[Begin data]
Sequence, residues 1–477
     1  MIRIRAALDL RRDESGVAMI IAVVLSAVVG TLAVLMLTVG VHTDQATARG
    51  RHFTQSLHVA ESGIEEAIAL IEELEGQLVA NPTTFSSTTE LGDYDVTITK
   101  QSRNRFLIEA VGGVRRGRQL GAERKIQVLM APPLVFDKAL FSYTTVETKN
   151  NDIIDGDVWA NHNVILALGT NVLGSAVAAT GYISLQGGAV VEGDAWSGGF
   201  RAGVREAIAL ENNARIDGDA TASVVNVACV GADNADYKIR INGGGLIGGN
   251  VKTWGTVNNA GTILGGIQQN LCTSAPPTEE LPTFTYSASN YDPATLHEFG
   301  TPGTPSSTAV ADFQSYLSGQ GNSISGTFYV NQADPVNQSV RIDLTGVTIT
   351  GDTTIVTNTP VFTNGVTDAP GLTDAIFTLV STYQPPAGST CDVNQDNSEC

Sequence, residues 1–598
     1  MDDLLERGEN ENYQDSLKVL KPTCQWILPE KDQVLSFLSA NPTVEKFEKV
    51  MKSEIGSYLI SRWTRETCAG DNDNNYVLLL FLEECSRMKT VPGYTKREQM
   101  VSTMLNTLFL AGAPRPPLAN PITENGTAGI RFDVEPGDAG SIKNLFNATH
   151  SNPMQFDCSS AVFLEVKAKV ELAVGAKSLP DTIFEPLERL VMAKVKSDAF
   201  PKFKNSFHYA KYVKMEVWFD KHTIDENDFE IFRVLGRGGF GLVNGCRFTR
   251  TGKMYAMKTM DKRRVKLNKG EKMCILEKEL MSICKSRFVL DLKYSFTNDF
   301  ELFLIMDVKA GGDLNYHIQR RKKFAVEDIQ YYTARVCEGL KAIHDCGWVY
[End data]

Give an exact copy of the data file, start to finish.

Sequence, residues 1–477
     1  MIRIRAALDL RRDESGVAMI IAVVLSAVVG TLAVLMLTVG VHTDQATARG
    51  RHFTQSLHVA ESGIEEAIAL IEELEGQLVA NPTTFSSTTE LGDYDVTITK
   101  QSRNRFLIEA VGGVRRGRQL GAERKIQVLM APPLVFDKAL FSYTTVETKN
   151  NDIIDGDVWA NHNVILALGT NVLGSAVAAT GYISLQGGAV VEGDAWSGGF
   201  RAGVREAIAL ENNARIDGDA TASVVNVACV GADNADYKIR INGGGLIGGN
   251  VKTWGTVNNA GTILGGIQQN LCTSAPPTEE LPTFTYSASN YDPATLHEFG
   301  TPGTPSSTAV ADFQSYLSGQ GNSISGTFYV NQADPVNQSV RIDLTGVTIT
   351  GDTTIVTNTP VFTNGVTDAP GLTDAIFTLV STYQPPAGST CDVNQDNSEC

Sequence, residues 1–598
     1  MDDLLERGEN ENYQDSLKVL KPTCQWILPE KDQVLSFLSA NPTVEKFEKV
    51  MKSEIGSYLI SRWTRETCAG DNDNNYVLLL FLEECSRMKT VPGYTKREQM
   101  VSTMLNTLFL AGAPRPPLAN PITENGTAGI RFDVEPGDAG SIKNLFNATH
   151  SNPMQFDCSS AVFLEVKAKV ELAVGAKSLP DTIFEPLERL VMAKVKSDAF
   201  PKFKNSFHYA KYVKMEVWFD KHTIDENDFE IFRVLGRGGF GLVNGCRFTR
   251  TGKMYAMKTM DKRRVKLNKG EKMCILEKEL MSICKSRFVL DLKYSFTNDF
   301  ELFLIMDVKA GGDLNYHIQR RKKFAVEDIQ YYTARVCEGL KAIHDCGWVY